Interview with Bernard Maestas
What genre do you write and why?
I write across all genres but my published work has been thrillers that skew slightly YA. My first series, “Internet Tough Guys” is an action thriller loaded with internet memes and video game humor while this one sits in a sort of “film noir” crime genre.
Beyond thrillers, I’ve been working on some sci-fi and fantasy stories that I’m eager to share when they’re ready to go. Some of my in-progress works are written towards a more adult audience than the others.
What advice do you have for other writers?
Not much. Writing is such a unique and individual experience that little I have to say would work for others. All I can offer is what works for me, what I’ve learned through my own challenges, and let them draw what’s useful.
For me, the biggest thing is remember that writing is fun, even when it hurts. It’s a hobby, it’s a great outlet for things that happen in real life, and, in the end, I do it for myself. I write what’s in my head, not what I think people want to read. I probably couldn’t sit down and say, “I’m going to write something to market here” or anything like that and, if I did, I probably wouldn’t enjoy it. When it stops being fun,
What's your favourite quote about writing/for writers?
“Writing is easy. All you do is sit down at a typewriter and bleed.” – Ernest Hemingway
What's the best thing about being a writer?
I like this question because it ties in well with the two above. Writing is a great outlet. I draw from my feelings, from things that happen to and around me, and weave them into the stories. As much as I may bleed writing a story, there’s a great catharsis at the end that leaves me lighter and free than when I began.
Where can people find out more about you and your writing?
I try to stay active on social media, especially on Facebook (BernardMaestasOfficial). You can find me on Twitter and Instagram @BernardMaestas. I’ve also got a website, www.bernardmaestas.wix.com/home.
Who is you favorite character in your book and why?
When I first read this question, I thought it would be difficult to answer. I really like all my protagonists but once I considered it, the answer is definitely Kaity. As a character, she’s got a lot going, between her range, gravitas, and wit. I consider her some of my best work as a writer. But, she and her first incarnation – the unpublished “Bullet to the Heart,” which became “Concrete Smile” along with two other failed manuscripts – were both huge steps for me as a writer. For that, she’ll always hold a special place in my heart.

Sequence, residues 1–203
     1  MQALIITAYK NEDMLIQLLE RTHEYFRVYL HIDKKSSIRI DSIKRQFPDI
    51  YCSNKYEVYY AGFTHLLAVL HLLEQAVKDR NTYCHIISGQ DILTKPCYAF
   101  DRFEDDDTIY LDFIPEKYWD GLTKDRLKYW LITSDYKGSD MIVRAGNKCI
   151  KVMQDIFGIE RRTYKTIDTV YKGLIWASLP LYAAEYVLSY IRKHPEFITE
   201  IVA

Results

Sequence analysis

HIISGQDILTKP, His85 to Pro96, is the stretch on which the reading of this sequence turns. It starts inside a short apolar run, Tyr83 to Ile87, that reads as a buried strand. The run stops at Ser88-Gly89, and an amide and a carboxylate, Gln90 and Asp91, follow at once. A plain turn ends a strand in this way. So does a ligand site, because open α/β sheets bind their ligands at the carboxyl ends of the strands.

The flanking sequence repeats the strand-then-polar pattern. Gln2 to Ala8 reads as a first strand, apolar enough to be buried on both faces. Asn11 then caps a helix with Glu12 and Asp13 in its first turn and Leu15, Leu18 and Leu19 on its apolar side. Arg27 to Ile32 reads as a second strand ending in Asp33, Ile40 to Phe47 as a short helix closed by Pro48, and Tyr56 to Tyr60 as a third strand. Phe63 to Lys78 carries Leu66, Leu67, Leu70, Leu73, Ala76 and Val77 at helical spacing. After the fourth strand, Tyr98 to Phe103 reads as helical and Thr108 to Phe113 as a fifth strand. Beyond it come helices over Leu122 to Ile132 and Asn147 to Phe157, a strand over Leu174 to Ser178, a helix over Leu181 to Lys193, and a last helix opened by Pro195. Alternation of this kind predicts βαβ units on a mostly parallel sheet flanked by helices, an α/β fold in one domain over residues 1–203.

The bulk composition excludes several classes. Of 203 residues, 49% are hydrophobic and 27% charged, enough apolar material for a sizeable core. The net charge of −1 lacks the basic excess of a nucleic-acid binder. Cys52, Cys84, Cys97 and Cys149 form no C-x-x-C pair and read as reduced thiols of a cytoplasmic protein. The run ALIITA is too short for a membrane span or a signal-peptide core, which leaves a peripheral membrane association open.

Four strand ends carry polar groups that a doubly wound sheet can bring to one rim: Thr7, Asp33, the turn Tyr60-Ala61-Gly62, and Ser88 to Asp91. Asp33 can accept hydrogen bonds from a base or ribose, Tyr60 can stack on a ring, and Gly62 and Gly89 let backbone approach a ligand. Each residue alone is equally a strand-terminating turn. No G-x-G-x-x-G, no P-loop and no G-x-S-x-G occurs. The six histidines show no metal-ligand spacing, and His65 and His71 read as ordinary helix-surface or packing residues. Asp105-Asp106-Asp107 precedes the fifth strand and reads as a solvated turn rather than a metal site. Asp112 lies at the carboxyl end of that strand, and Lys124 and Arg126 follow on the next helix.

What is your work in progress? Tell us about it.
As I write this, I’m putting the finishing touches on my latest manuscript. It’s a more solidly young adult title blending urban fantasy – ala the “Anita Blake” or “Sookie Stackhouse” series – with comic book-style superheroes – such as “Kick-Ass” and “Spiderman” – with a pinch of horror thrown in for good measure.
What are your thoughts on self-publishing verses traditional publishing?
Traditional publishing is an exercise in frustration and heartbreak, at least to me. The struggle of getting my first novel out there taught me a lot. I never seriously considered self-publishing but I absolutely recognize it as a viable option for writers. These days, self-published authors are having success like never before so I don’t see why not. Just because no agents or publishers will pick up a book, doesn’t mean it’s not good or potentially successful.
Who or what inspired you to become a writer?
I’ve been writing for as long as I can remember. Before I could read, I was into comic books and have carried that with me ever since. Some of my earliest work was in the graphic format and, to this day, I sometimes think that maybe that’s the best medium for me to work in. Marvel and Dark Horse Comics kept me interested with titles like “Sgt. Rock” and the “Aliens” and “Predator” stories. “The Maxx” is one of my all-time favorite stories.
The first book I read by myself was “The Hobbit” but the first one that really inspired me to be an author was Orson Scott Card’s “Ender’s Game.”
When you’re not writing, how do you spend your time?
Besides being a full-time police officer – a calling I’ve had almost as long as the one to be a writer – I spend a lot of time slinging memes on the internet. I’m a recreational athlete, karaoke superstar, and fantasy football titan. I spend about as much time PC gaming as I do writing these days – and I should really work on balancing that ration a bit.